You want to know what the kingdom of God looks like? It’s nothing like people in robes with haloes and harps floating around on the clouds. The kingdom of God looks like a man ravaged by forces that had been tearing him to shreds. It looks like that man standing up right in the middle of church and crying out. And it looks like Jesus speaking a word of authority, a word of healing, and bringing wholeness back to that man’s life. Bringing him back into community, back into wellness, re-establishing relationships and support and life.

The kingdom of God looks like a people who confess that they are in bondage to sin and cannot free themselves. Did you hear that? You cannot free yourself. Any attempt to free yourself, any attempt to make yourself right with God, any attempt to build a bridge from your brokenness to heaven, it’s going to fail. It’s not going to happen. You can’t do it. I can’t do it.

Take a moment. Silently or aloud, name your demons. What are those destructive forces in your life from which you are powerless to free yourself?

You want to hear the good news? What we can’t do for ourselves, God has already done for us. Notice I didn’t say God CAN do. What we can’t do for ourselves, God has ALREADY done for us.

On the cross, Jesus entered our brokenness. Jesus entered our sin. Jesus confronted those demonic powers, the forces of evil, the will to undo, and through his death he cried loudly, “Be silent!” And when he came out of the tomb on Easter morning, it was the ultimate statement crying out, “Come out of him! Come out of her! You have no more power here!”

We still live in a world marked by sin. We still struggle with pain and the effects of our brokenness and the brokenness of others. But at the same time we live in a world where the Kingdom of God has already come. Christ is here. In the bread and the wine, Christ is here. In the brokenness and suffering of our neighbor, Christ is here. And in our own brokenness, right at the very center of our sin, right at the very core of the evil, the will to undo, to which we are bound, Christ is right there.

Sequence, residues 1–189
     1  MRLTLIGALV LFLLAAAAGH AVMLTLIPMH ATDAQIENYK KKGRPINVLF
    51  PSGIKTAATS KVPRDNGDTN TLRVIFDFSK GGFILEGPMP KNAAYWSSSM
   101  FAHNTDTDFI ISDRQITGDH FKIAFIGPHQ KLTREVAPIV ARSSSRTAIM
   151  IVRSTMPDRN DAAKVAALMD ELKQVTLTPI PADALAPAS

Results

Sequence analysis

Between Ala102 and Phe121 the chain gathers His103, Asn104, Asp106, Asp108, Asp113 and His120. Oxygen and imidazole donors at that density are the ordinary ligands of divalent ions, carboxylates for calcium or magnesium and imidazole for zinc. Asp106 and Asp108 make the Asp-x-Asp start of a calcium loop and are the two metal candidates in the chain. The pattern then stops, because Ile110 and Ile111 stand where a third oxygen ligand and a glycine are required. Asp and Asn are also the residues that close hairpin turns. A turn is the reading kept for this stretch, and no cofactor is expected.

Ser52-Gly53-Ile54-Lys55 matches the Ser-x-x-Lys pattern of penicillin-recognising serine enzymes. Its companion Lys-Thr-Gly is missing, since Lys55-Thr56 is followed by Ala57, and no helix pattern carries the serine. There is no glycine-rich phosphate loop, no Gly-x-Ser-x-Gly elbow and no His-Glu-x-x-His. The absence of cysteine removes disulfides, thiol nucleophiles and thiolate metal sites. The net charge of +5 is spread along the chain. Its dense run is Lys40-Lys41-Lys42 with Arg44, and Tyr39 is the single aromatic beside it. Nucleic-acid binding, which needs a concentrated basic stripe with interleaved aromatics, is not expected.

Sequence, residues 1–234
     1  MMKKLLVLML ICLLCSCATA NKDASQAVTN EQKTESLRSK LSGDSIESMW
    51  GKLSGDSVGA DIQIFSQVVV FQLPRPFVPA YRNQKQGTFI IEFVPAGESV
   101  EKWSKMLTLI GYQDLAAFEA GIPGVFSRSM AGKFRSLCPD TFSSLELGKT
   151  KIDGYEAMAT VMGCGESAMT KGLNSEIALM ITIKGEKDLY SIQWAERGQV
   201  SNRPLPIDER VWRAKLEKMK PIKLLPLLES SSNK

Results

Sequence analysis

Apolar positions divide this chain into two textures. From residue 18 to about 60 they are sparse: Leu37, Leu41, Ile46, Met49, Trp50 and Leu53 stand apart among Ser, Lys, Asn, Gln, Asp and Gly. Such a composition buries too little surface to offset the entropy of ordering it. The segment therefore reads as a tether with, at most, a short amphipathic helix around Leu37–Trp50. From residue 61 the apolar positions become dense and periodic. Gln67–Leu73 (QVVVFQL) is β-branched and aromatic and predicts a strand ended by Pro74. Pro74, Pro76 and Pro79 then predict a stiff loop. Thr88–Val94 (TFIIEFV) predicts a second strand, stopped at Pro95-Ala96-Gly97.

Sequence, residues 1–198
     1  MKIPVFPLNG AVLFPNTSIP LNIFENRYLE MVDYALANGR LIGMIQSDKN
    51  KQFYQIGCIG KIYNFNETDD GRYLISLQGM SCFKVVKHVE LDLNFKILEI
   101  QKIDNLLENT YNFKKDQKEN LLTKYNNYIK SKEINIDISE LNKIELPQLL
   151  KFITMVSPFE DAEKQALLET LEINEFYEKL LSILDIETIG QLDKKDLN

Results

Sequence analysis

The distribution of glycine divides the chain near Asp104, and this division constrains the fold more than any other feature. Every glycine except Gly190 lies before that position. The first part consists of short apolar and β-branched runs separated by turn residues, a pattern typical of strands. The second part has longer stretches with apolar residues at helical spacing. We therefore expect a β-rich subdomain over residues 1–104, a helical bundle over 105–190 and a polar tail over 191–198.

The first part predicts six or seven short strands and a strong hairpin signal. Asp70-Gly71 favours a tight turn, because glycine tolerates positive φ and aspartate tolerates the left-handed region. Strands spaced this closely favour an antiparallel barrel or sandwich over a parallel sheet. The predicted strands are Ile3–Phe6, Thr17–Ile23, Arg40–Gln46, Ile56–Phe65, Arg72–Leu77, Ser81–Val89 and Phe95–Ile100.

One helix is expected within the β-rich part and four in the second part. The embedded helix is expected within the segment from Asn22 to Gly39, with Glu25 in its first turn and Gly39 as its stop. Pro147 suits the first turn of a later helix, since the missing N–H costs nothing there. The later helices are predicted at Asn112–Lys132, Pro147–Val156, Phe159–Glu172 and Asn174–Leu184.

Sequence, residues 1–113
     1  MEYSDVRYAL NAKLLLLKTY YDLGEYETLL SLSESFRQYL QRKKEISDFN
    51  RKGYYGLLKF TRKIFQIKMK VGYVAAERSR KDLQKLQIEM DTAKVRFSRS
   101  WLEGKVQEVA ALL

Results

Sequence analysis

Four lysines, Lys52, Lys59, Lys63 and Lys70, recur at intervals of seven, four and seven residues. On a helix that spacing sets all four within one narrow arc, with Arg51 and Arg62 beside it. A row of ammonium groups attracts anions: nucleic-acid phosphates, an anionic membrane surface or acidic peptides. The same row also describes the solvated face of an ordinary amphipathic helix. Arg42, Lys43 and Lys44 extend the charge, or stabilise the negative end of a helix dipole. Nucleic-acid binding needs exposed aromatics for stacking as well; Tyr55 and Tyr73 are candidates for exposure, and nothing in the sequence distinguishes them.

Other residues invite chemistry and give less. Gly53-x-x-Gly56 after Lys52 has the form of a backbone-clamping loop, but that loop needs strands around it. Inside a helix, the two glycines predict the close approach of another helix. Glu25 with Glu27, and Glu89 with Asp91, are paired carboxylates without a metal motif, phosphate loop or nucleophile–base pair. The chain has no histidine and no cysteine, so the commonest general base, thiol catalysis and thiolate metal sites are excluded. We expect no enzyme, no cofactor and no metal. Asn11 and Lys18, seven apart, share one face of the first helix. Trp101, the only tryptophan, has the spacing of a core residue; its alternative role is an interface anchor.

We cannot free ourselves. Christ has freed us. Christ has freed us not for our own sake, but so we may be free to live for others. And this is not just as individuals but especially as the church. Our primary purpose is not to keep this institution alive, our primary purpose is not simply to grow, our primary purpose is not even simply to teach and comfort and care for each other. We may do all of these things, but when self-care becomes the primary purpose of the church, it ceases to be the church. For us to live into our identity as followers of Christ means we are called to go and follow Jesus to those places where the cross already is—directly into the pain and sin and grime and muck of our world. God has called Our Saviour’s Lutheran Church to look beyond itself, following Christ into the messiness of life, into the demons of our world. Where there is demonizing of people, we are called to bless. Where there is the sowing of hatred, we are called to promote love. Where walls are built to separate, we are called to break them down. Where there is the seeking to tear apart in fear, we are called to be agents of reconciliation and hope.

Matt Schur
Our Saviour’s Lutheran Church
Lincoln, NE